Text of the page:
You’re watching Module II of the eight biggest 401(k) mistakes. Similar to Module I- we’re going to do this with a PowerPoint presentation and my voiceover on that presentation. So, we’re going to get started here with mistakes number five. Thanks for coming and I look forward to sharing this information with you.
We’re going to start with mistake number five.
So, we begin Module II with mistake number five rolling over after-tax dollars. Now, why on earth would have after-tax dollars in any qualified plan?
Well some 401k’s, as we learned in Module I, allow rules. They have different rules. They allow some participants or all participants to invest excess money if they choose to.
So, you’ve contributed the maximum into your 401(k) and you have extra money and you want to invest it. So, you put into your 401(k). That money is going to go in on an after-tax basis.
This is usually seen in higher-income earners, and the reason why they do it is so that the interest or the growth in the accounts are on a deferred basis so that that growth is not taxable. Here’s the problem. The problem is in keeping the money separate. You got qualified money with non-qualified money, and the difference between the two is glaring.
One goes in after-tax, the other one goes in before tax. So, the accounting of that is critical.
If the plan custodian, the administrator of the plan or whoever is holding the proceeds don’t keep a separate accounting of those two forms of assets, the end result is that tax money is going to get taxed twice when it comes out in the form of distribution.
What would happen when you’re 65 or at retirement or whenever you leave, guarantee it to happen at age 70½. So, if you roll this money over to a new plan because your employer went out of business; for instance, as you learned in Mod I, you can put that money into the new 401(k).
Well, that new 401(k) plan administrator needs to know which money is taxable and which money came in after-tax. If they don’t, it is all deemed to be taxable or before-tax money, and as a result, it’s going to come out all taxable.
So, the effect is that you’ve been taxed twice on those funds. How do you avoid this mistake? Not doing it. Inside of asset protection training modules, there are all kinds of places to put money that in excess contributions. So, you can put the money anywhere. So, just simply avoid this mistake and just don’t do it.
Okay. Mistake number six then is the beneficiary. We see all kinds of errors here; and frankly, I believe these are the ones that cause the biggest problems because everybody’s good intentions can be overridden by the wills or wants of beneficiaries.
So, beneficiary designations- first and foremost, you need to know that they override everything. Okay. If you created the will and you think that that’s the end of the deal, you’re mistaken. The beneficiary designation in your 401(k), your IRA and we’ll take this even deeper, annuities, life insurance, anything that has a beneficiary designation needs to be reviewed annually life changes.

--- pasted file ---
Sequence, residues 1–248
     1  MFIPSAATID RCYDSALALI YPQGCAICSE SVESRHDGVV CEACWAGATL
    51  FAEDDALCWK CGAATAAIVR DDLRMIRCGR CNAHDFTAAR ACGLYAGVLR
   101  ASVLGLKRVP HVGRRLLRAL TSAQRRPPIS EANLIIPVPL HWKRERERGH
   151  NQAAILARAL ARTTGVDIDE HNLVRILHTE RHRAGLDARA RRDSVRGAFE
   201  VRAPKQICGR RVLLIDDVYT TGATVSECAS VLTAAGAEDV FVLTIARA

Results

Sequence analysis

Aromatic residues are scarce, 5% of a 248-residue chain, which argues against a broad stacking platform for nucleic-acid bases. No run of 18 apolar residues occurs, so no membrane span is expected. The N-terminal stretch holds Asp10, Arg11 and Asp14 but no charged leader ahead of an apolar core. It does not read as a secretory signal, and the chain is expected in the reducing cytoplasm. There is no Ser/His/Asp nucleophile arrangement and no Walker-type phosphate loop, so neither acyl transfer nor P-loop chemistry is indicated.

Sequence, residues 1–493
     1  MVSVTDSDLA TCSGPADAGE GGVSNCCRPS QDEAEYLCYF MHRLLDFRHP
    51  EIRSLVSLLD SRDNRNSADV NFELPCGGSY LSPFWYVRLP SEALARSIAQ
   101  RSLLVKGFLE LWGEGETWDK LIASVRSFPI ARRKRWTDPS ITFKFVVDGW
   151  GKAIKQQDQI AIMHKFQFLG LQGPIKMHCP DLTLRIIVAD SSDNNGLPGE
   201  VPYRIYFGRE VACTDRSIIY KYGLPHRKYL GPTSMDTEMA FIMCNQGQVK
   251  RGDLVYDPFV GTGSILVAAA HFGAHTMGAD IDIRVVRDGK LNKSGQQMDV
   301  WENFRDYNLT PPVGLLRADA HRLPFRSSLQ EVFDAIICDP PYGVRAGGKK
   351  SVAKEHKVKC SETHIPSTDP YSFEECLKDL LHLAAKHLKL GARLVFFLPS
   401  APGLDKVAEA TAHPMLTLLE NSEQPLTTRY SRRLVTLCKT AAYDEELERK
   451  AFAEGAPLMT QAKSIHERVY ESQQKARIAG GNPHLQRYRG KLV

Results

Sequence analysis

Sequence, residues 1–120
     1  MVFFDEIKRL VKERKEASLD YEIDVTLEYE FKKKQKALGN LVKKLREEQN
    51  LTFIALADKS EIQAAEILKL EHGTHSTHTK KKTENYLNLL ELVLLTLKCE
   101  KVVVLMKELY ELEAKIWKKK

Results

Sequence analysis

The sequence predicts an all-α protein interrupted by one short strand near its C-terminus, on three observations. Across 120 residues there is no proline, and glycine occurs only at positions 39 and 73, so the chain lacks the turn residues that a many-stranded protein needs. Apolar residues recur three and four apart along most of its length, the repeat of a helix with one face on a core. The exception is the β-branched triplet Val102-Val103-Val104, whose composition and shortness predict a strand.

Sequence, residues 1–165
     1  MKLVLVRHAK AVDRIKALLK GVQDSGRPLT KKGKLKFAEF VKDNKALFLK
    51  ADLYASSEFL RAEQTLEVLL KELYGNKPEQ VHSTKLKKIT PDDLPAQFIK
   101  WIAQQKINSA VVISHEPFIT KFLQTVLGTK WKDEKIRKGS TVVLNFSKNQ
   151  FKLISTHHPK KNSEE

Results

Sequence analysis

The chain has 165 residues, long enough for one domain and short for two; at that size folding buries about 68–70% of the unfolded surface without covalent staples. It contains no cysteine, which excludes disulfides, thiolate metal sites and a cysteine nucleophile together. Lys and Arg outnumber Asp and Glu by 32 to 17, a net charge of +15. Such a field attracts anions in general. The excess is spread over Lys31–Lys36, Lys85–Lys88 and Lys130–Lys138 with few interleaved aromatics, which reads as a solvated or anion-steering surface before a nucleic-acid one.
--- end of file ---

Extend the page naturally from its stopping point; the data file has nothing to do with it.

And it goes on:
So, if your will says one thing but your beneficiary designation say something else, it’s the beneficiary designation that’s going to override anything that happens- trusts, as well as divorce decrees and pre-nuptials.
In addition, oftentimes somebody is going to want to have a non-spousal beneficiary. Well, this could be a trust that’s a non-spousal beneficiary.
Once again, if a document that’s sending the money to a trust doesn’t specify that the beneficiary is not to be the spouse but supposed to be somebody else, the document, the 401(k) is going to override that.
You might want to bypass the spouse because the trust is going to take care of them and give these qualified dollars to your kids where you’re going to implement the kiddy tax. IRS doesn’t like generations skipping documents.
In fact, they feel like they’ve been cheated, so the money gets taxed as if it were distributed to the original beneficiary and then it gets taxed again to the child beneficiary.
That’s called the kiddy tax. What this does ultimately just offers much fewer options from a planning standpoint. So, this can easily be fixed, easily be avoided by reviewing your beneficiaries on an annual basis.
All right. Mistake number seven are the advisors. This often is a very large mistake. First off, lots of folks with 401(k) specifically count on the employer.
Frankly, the Pension Protection Act of 2006 required the employer to be this thing called the fiduciary, meaning that they have a responsibility to all plan participants to provide with advice.
However, if your employer is a plumber, that puts this upon somebody who is a plumber, not a financial advisor.
So, counting on your employer even though the law says he’s supposed to provide you- you know, with advice, really is a mistake. They need advice just as badly as you do, and if you are the owner of the plumbing firm, understand that you have the responsibility providing your staff and your employees or the participants in your plan with advice.
Not doing so can cause you some pretty big problems on both sides of that fence. This is an issue that can be avoided by simply contacting or getting in contact with somebody who’s trained and educated in the 401(k), and specifically the qualified plan marketplace.